Sub-pixel precision

For this point and the next, I’m only going to give a high-level overview, since we’re not actually going to use it for our target application.

Snapping vertex coordinates to pixels is actually quite crappy in terms of quality. It’s okay for a static view of a static scene, but if either the camera or one of the visible objects moves very slowly, it’s quite noticeable that the triangles only move in discrete steps once one of the vertices has moved from one pixel to the next after rounding the coordinates to integer. It looks as if the triangle is “wobbly”, especially so if there’s a texture on it.

Now, for the application we’re concerned with in this series, we’re only going to render a depth buffer, and the user is never gonna see it directly. So we can live with artifacts that are merely visually distracting, and needn’t bother with sub-pixel correction. This still means that the triangles we software-rasterize aren’t going to match up exactly with what the hardware rasterizer does, but in practice, if we mistakenly occlusion-cull an object even though some of its pixel are just about visible due to sub-pixel coordinate differences, it’s not a big deal. And neither is not culling an object because of a few pixels that are actually invisible. As one of my CS professors once pointed out, there are reasonable error bounds for everything, and for occlusion culling, “a handful of pixels give or take” is a reasonable error bound, at least if they’re not clustered together!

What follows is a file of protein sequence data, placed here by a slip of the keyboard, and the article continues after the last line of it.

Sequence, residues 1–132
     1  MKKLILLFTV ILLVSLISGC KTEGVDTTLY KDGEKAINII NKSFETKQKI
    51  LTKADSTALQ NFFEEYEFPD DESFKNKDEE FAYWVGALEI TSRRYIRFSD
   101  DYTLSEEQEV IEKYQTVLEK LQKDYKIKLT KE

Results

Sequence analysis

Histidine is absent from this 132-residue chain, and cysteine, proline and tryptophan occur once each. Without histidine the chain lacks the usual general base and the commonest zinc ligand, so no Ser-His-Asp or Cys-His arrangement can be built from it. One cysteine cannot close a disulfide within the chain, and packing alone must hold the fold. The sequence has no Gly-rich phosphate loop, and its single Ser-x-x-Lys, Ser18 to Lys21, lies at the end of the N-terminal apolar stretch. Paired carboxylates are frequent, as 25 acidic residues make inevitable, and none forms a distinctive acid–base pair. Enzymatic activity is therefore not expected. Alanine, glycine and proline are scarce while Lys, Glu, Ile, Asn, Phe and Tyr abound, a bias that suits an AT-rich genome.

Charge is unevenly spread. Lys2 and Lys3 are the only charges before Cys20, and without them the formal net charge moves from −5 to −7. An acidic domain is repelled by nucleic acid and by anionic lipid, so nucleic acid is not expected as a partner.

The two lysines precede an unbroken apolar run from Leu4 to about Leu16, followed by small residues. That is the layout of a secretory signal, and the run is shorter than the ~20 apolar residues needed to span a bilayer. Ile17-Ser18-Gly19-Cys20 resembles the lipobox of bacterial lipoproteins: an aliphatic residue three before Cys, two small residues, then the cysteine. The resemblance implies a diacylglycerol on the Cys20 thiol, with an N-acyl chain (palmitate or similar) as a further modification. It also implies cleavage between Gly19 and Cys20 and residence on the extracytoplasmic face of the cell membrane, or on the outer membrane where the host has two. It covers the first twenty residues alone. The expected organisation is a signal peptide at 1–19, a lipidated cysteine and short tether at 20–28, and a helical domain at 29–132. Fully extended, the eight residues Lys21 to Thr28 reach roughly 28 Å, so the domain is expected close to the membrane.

But suppose that you want to actually render something user-visible, in which case you absolutely do need sub-pixel precision. You want at least 4 extra bits in each coordinate (i.e. coordinates are specified in 1/16ths of a pixel), and at this point the standard in DX11-compliant GPUs in 8 bits of sub-pixel precision (coordinates in 1/256ths of a pixel). Let’s assume 8 bits of sub-pixel precision for now. The trivial way to get this is to multiply everything by 256: our (still integer) coordinates are now in 1/256ths of a pixel, but we still only perform one sample each pixel. Easy enough: (just sketching the updated main loop here)

    static const int subStep = 256;
    static const int subMask = subStep - 1;

    // Round start position up to next integer multiple
    // (we sample at integer pixel positions, so if our
    // min is not an integer coordinate, that pixel won't
    // be hit)
    minX = (minX + subMask) & ~subMask;
    minY = (minY + subMask) & ~subMask;